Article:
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23 May, 2006
Surfing online, I stumbled on a web site running a contest on "safe art". The instruction said,
What follows is a parade of altered masterpieces, like this one of Eugene-Emmanuel Amaury-Duval's La Naissance de Venus. The original, which you can view here, is one of my favorites.
The other alterations are so tacky it's funny. Maybe that's the point, but I can't help cringing. You can see them here.
As an art lover, I'm dismayed at the lengths we've gone to sanitize everything, even classic art. Former Attorney General John Ashcroft and The Spirit of Justice's breast-covering incident comes to mind.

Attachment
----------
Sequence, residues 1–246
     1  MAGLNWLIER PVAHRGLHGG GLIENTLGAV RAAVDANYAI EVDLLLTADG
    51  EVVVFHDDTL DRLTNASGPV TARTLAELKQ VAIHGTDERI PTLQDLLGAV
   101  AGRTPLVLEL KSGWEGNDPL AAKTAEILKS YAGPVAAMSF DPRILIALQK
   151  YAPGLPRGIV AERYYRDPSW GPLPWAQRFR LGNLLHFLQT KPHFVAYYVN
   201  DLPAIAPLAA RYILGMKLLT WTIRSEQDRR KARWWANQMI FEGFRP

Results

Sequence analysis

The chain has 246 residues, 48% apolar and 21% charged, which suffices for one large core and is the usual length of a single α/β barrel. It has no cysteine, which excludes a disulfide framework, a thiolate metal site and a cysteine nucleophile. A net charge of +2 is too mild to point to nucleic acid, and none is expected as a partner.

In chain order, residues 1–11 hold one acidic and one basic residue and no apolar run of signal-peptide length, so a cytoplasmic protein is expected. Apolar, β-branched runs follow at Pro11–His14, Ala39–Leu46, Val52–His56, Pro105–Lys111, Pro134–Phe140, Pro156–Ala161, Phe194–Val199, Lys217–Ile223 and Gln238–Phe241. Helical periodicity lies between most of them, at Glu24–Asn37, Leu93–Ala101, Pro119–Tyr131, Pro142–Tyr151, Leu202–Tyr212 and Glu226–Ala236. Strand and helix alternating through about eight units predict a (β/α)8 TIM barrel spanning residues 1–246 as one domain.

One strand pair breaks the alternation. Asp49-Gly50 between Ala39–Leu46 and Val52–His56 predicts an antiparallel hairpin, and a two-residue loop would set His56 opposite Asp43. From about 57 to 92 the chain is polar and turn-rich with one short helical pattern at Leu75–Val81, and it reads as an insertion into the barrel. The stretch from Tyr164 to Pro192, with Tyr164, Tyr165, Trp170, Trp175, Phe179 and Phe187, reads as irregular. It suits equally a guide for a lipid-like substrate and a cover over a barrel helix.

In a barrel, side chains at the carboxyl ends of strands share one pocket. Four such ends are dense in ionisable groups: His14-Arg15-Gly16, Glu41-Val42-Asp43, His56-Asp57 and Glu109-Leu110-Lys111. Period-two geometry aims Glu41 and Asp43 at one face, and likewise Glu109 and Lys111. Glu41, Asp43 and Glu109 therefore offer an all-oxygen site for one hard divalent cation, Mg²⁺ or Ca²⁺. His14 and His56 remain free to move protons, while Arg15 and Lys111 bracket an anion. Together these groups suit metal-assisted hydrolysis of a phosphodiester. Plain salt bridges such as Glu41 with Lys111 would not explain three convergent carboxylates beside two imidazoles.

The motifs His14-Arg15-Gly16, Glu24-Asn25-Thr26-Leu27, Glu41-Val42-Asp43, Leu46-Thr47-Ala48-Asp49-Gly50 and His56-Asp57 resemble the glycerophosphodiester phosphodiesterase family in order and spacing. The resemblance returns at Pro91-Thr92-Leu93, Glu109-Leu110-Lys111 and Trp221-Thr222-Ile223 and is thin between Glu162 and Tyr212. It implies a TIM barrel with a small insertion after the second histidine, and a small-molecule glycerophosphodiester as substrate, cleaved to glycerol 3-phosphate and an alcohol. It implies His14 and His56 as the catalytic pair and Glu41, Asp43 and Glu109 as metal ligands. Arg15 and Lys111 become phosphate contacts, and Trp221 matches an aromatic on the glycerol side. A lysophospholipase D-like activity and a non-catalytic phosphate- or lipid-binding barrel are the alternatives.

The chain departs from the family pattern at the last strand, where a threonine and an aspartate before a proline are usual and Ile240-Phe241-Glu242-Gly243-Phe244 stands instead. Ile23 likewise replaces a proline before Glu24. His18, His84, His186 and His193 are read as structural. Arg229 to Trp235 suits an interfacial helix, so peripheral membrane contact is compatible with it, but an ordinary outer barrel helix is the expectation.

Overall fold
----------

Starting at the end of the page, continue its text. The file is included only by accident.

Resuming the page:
Have we become so afraid of nudity that even the most tasteful rendition must be covered up? Does showing the beauty of human form translate to lack of morals? If "cleanliness is next to godliness", is nudity in art dirty and ungodly?
Our children are impressionable. Though some may be too young to be exposed to nude art no matter how tasteful, it's important to remember how our reactions influence their perception.
It's a shame if that perception, due to misplaced puritanical thinking, becomes an aversion to any depiction of the human form. Even worse, if it becomes an aversion to the human form itself.
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